Friederike Maria Beer
Gustav Klimt's painting, Friderike Maria Beer (1916), manifests an array of colour highlighting different patterns and forms throughout the piece in an art nouveau style. The muse of the piece was an Austrian high society member, who commissioned Klimt to paint the artwork. The woman posed to the portrait, wearing a hand painted silk dress, paired with a cropped fur coat. The clothing was purchased from the Viennese boutique, Wiener Werkstatte, where the woman as a prominent client.
The painting illustrates Friederike Maria Beer posing as a muse in a beautiful silk dress paired with a fur coat. The silk dress is hand painted from the luxurious boutique, in an eye catching pattern of dark blue, light blue and white swirls carving into one another. The pattern of the dress matches Klimt's classic style of work, bringing into question whether the artist recommended the dress to Friederike based on it's staple colours, or perhaps whether the artist repainted the dress in his own style. The dress lightly exposes the neck and chest of the model, showcasing the transition of fashion throughout the century. The fur coat is drenched in a luxurious blue trip, slipping into a pattern of colour. Shades of red, white, blues and purples swirl around the coat in small shapes, yet again up rising the question of whether the model was drenched in this incredibly patterned clothing, or if Klimt repainted it in his own style.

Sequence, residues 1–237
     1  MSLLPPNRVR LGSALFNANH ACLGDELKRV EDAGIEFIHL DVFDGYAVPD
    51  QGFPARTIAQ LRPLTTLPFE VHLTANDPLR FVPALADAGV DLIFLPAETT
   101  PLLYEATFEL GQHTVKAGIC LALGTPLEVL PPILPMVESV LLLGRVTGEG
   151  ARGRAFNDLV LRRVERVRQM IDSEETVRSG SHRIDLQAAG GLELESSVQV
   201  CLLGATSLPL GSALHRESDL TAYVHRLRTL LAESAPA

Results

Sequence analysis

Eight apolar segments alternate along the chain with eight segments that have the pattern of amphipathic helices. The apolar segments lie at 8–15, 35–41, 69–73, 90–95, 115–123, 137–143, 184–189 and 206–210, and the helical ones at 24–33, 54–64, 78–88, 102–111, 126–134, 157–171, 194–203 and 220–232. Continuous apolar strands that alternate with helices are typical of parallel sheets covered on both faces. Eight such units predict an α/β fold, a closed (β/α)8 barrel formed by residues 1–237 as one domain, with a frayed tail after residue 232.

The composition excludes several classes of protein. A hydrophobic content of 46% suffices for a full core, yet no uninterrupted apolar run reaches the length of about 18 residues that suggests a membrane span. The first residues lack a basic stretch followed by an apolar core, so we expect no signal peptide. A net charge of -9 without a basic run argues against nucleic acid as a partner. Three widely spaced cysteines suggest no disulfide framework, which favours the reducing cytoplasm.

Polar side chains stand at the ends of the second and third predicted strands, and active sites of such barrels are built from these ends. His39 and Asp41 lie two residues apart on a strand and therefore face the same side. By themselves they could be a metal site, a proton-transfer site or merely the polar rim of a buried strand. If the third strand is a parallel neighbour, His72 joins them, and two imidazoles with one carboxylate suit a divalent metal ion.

The woman's face slightly frowns with orange tinted lips. Her cheeks carry a rosy colour, adding life to her pale face. The prominent Austrian features swipes along her skin, with thick arched eyebrows and black hair hidden behind her head. The woman holds her coat near its waist, covering her stomach. Her shoes remain a classic black bump, tucked away within are white coloured stockings. The painting is created in depth, depicting a flat green colours floor. Klimt uses a sponge technique and blends the shades of blue with green, paired with small drawings of flowers to continue the patterns throughout the art.
The background of the painting is covered in an array of battles scenes, Klimt used off of a Korean vase he had in his studio. The artist intertwined different visions of oriental art within his work, illustrating classic themes through an array of cultures. A similar painting of Klimt is Baroness Elisabeth Bachofen-Echt, where the artist painted a portrait of an Austrian woman, and paired the background with scenes of Japanese citizens and rulers. This classic theme runs through the artists work as he feels it depicts a new light and emotion, transforming the portrait to not be solely based on the presence of the model. Klimt blended Western symbols with Oriental imagery, generating a decorative plane that illustrates both form and colour. The classic pieces echo's a modern impressionist method that seizes the attention of viewers through decades.